We set sail in the early morning. As we head out of the bay, local villagers living on floating houses connected by wooden planks and floating on wrapped styrofoam, have already started working. Dogs run around on the floating premises. Small, colourful wooden fisher boats with corrugated roofs pass us by while we leisurely pass karst stone rocks sprawled around the waters. The early morning mist covers the tops of the rocks with a mystifying blanket that will hopefully be lifted later today to reveal the scenery in full. Here and there hamlets are adorned with a patch of golden sand, a preview of the visit to secluded beaches in the offing of our boat trip.
The watery sun reflects as a golden patch on the green waves, patterned by natural waves and those created by a few other boats setting out to one of Vietnam’s tourist highlights. We are on our way to Lan Ha Bay and Ha Long Bay, where over 1600 islands and islets rise from calm blue waters. Most of these are uninhabited because of their drop cliffs. However, about 400 floating houses do accommodate locals that live off fishing. Fishermen already lived in Ha Long Bay hundreds of years ago, but solar power and generators have allowed locals to permanently live on the waters and start fish and oyster farms.
Their dogs barks at us as we sail passed the farms. Our guide explains that these dogs are not pets but are kept to protect the fish farm against attacks from hawks.
Scanning the skies I actually spot a hawk, its dark feathers in stark contrast with the still clouded skies. My gaze follows the shape of a white limestone formation that erects from the waters with steep 90 degrees cliffs. The remarkable shapes of the rocks have been formed over the course of 500 million years. The sides of the base have been beaten away by the regression and transgression of the sea and give some of the limestone pillars a precarious look, as if it would not take much strength to make it loose its equilibrium and fall over with great force. In other rocks, the water has hollowed out the base creating natural tunnels and caves. I am excited to take a closer look.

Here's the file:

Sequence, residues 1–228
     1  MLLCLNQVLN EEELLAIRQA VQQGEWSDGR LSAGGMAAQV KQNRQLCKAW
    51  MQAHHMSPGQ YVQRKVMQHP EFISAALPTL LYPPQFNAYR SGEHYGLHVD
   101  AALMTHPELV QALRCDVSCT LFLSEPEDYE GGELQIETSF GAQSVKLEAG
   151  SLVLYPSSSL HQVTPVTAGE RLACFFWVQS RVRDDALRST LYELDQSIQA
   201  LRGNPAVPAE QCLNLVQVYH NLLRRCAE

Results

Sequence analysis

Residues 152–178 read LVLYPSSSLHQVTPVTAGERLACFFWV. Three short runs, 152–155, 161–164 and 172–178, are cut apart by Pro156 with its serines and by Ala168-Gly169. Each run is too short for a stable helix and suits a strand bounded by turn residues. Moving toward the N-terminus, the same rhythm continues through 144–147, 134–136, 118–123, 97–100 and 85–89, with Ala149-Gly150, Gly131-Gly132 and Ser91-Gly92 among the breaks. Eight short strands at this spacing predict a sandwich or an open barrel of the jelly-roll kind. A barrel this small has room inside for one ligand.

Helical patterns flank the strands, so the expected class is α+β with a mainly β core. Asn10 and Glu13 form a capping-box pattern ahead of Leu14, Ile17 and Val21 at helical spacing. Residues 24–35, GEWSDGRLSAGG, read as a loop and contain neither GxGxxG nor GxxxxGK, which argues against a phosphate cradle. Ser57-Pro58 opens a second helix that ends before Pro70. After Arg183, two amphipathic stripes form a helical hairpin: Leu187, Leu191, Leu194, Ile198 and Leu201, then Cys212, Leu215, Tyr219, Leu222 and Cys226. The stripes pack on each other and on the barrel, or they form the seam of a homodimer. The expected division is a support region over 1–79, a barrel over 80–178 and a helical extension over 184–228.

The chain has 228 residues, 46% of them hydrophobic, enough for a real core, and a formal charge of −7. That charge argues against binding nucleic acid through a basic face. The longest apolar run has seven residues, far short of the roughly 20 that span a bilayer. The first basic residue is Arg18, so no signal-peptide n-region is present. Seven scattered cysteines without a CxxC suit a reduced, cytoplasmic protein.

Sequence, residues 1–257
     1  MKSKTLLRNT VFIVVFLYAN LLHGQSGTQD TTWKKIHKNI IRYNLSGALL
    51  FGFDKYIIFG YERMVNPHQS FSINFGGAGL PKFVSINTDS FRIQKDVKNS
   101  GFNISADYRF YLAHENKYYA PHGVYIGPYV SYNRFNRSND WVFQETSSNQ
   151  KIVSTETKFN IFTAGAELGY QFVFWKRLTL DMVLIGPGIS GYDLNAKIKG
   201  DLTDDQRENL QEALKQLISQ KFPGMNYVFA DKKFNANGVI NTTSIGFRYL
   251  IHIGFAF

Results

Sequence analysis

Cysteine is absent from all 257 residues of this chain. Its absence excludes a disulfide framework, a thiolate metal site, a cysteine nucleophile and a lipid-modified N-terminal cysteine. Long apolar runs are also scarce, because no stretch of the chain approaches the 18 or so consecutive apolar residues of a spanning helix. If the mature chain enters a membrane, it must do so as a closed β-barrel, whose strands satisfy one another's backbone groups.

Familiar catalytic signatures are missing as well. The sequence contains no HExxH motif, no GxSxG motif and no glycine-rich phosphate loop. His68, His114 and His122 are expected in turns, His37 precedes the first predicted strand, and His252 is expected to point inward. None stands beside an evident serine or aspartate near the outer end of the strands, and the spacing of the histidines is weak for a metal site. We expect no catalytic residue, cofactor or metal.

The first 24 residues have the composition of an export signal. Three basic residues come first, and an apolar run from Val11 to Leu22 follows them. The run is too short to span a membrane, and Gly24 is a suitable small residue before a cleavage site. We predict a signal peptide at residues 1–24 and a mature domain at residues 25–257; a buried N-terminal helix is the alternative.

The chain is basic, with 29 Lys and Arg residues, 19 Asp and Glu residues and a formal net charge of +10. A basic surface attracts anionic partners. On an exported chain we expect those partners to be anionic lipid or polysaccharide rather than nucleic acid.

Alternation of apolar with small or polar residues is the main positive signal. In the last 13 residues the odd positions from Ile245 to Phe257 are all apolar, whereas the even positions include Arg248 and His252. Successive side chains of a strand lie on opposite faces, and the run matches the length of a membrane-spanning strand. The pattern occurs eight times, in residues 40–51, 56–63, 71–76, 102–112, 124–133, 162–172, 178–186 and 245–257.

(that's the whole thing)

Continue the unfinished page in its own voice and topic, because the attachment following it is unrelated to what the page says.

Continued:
The bright yellow kayak slides smoothly through the calm waters. Paddling alongside the base of the rocks adds a new dimension to the beauty of the landscape. We put on our headlights as we enter a dark cave. It is difficult to see the flow of the water and here and there I use my paddle to push away the kayak from the edgy walls. As light falls inside the cave from the other opening of the tunnel, I can see the stalactites hanging from the ceiling. On the other end of the tunnel, we find ourselves in a deserted bay. Surrounded by tree-covered rocks and small strips of coral beach, we enjoy the sound of birdsong.
We pass some more tunnels as we make our way to other bays where we wish other groups of travellers a good morning. The waters in the bay are shallow and devoid of currents and so kayaking here is a leisurely activity. Every now and then, we lay down our oars to just float about while we enjoy the scenery.
Night has fallen without a visible sunset, but the skies have cleared up after dusk and made way for a starry but moonless night. We hit the waters again in kayaks and are surrounded by pitch dark water. As our eyes get used to the darkness, the silhouettes of the rock formations become visible against the black skies that are dotted with lights. It takes only a couple of metres before I notice that it’s not just the stars shining bright above us, but also hundreds of small lights in the waters that surround us. The white lights in the water appear for a brief moment each time our paddles touch the surface, and are in fact bioluminescent plankton.
It is a magic, fairy tale setting that has us behaving like overly excited little children. We splash our paddles in the water for minutes on end, and could have continued doing so for hours.